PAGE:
In Python, strings are infinitely recursively iterable

February 26, 2017

Yesterday I posed the side question of what happened when you called the following code with flatten2(["abcdef",]):

def flatten2(inlst):
    olst = []
    for i in inlst:
            it = iter(i)
        except TypeError:
            it = None
        if it is None:
    return olst

The intent of this code is to recursively flatten iterable things. What I had expected to get when I called it with a string was ['a', 'b', 'c', 'd', 'e', 'f'], ie that it flattened the string instead of leaving it alone (because strings are iterable). What I actually got (and what you can get) is a RecursionError of 'maximum recursion depth exceeded'. So why did this recurse endlessly?

The answer is that strings are not just iterable, they are infinitely recursively iterable. With normal iterable containers, iterating the container yields non-iterable items unless you've explicitly put in iterable ones (such as a list inside another list); assuming that you have not cleverly embedded a cycle in your container, our recursive flattening will eventually bottom out and finish. This is not the case for Python strings. When you iterate a multi-character string like "abcdef", you get a sequence of single-character strings, "a" "b" "c" "d" "e" "f". However, these are still strings and so they are still iterable; when you iterate the "a" string, you get back another single-character string "a", which is also iterable. And so flatten2() chases down an infinite recursion of trying to unpack single-character strings into non-iterable items, which it will never succeed at.

Fixing this without side effects is a bit annoying. It's not enough to immediately check that inlst is length 1 and just return it if so, because this fails on flatten2([[1,]]) (and flatten2(["abcdef",]) too, for that matter). I think you have to check explicitly for length 1 strings (and bytes) and just return them, which of course leaves you exposed to any other infinitely recursively iterable types (should there be any other out there).

(I was about to gripe about repr()'s representation of single character strings but then I tested and it uses single quotes for all strings, not just single-character ones. I need to remember that in Python there is no 'character' type that's different from strings, unlike in other languages such as Go, and so single quotes still mean 'string'.)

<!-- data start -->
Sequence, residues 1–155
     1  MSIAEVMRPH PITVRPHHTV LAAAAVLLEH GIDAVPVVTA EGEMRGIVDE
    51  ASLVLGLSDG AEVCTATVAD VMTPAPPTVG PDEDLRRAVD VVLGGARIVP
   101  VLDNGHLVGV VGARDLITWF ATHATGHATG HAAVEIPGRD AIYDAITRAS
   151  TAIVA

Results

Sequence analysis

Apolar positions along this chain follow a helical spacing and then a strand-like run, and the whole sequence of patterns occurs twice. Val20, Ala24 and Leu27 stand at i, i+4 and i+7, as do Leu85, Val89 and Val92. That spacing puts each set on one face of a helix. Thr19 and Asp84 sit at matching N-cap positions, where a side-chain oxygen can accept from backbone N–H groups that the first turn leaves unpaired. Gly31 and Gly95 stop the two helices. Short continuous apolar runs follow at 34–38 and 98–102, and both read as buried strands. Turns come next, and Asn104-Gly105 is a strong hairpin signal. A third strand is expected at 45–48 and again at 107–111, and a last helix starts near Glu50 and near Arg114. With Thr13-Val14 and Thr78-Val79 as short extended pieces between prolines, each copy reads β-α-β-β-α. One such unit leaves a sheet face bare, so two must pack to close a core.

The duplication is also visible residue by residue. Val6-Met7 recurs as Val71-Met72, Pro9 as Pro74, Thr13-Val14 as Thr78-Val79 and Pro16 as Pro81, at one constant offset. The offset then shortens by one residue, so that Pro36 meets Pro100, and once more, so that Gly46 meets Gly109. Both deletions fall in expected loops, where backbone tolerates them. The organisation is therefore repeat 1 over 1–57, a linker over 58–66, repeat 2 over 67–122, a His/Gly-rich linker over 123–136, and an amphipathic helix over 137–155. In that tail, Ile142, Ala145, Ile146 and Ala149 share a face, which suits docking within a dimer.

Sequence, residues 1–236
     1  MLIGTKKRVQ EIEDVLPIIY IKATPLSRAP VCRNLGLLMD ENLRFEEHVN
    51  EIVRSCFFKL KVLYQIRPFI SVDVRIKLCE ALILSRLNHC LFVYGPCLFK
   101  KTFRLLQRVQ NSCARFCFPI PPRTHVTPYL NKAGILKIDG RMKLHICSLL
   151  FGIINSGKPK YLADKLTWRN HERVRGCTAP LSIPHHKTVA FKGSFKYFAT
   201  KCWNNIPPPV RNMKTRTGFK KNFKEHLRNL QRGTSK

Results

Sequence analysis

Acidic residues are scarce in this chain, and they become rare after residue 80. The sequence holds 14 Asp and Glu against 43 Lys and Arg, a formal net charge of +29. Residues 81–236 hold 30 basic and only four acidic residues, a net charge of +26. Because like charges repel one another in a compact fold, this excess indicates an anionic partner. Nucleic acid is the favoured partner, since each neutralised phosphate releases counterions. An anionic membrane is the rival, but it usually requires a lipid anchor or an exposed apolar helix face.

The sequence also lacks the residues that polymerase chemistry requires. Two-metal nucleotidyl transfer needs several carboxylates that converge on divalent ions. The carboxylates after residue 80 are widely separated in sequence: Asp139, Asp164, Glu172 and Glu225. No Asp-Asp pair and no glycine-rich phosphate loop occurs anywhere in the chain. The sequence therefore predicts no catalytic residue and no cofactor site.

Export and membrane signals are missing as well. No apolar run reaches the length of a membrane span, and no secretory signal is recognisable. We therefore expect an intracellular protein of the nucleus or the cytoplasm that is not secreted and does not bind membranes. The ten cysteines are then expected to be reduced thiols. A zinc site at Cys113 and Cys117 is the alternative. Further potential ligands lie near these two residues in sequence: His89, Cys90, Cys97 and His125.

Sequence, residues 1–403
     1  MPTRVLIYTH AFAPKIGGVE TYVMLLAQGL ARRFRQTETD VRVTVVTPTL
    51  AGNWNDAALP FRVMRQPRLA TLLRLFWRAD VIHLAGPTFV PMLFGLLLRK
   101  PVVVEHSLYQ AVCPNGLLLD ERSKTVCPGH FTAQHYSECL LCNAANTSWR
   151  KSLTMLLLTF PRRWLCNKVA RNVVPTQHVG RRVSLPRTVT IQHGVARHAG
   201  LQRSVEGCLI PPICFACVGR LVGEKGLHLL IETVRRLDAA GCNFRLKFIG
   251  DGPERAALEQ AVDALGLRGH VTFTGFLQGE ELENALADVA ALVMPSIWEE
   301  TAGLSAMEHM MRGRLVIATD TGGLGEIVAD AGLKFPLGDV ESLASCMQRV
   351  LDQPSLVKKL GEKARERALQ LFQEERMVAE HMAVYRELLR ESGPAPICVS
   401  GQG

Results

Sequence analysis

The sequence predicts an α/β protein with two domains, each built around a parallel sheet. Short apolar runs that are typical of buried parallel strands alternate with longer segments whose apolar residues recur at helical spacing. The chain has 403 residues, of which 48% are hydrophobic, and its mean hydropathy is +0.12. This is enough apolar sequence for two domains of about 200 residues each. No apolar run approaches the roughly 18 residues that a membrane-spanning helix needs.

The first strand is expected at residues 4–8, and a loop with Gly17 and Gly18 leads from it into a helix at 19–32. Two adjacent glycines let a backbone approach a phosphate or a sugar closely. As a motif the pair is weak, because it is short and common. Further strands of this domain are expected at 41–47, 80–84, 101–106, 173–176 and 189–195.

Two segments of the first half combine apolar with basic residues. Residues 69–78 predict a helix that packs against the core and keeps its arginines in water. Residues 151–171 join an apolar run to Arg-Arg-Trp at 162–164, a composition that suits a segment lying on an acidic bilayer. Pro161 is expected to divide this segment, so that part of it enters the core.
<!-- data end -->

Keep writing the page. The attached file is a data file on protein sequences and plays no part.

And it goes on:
Sidebar: It's trivially possible to create containers with cycles

>>> a = [1, 2, 3]
>>> a.append(a)
>>> print(a)
[1, 2, 3, [...]]

More involved versions are left as an exercise for the reader.

Without contemplating it too hard, I think that you can only create cycles with mutable containers, and then only with some of them. Sets are mutable, for example, but they can only contain hashable items, which are generally immutable.

Comments on this page:

By Ewen McNeill at 2017-02-26 21:22:58:

Off the top of my head I think a few (mostly scripting) languages have the idea that a length-1 chunk of a string is also a string (eg, in Perl, both are scalars), but AFAICR Python is unique in having an immediately iterable string type that is also "self-containing" (ie, the elements of a string are a string; it's turtles all the way down). So that makes for a somewhat unique corner case (and another argument against strings being automatically iterable by default, particularly length-1 strings).

Most of the non-scripting languages I can think of have some sort of "character" type (even if it's just an alias to "short integer" of some sort) and a string concept which is a sequence of those in some manner, so you get explicit separation of "string" and "element of string".


PS: In Perl scalars are not iterable as such; you need to do something to turn it into an array type before you can iterate over the parts of the string, eg split().

Written on 26 February 2017.
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Last modified: Sun Feb 26 19:32:55 2017
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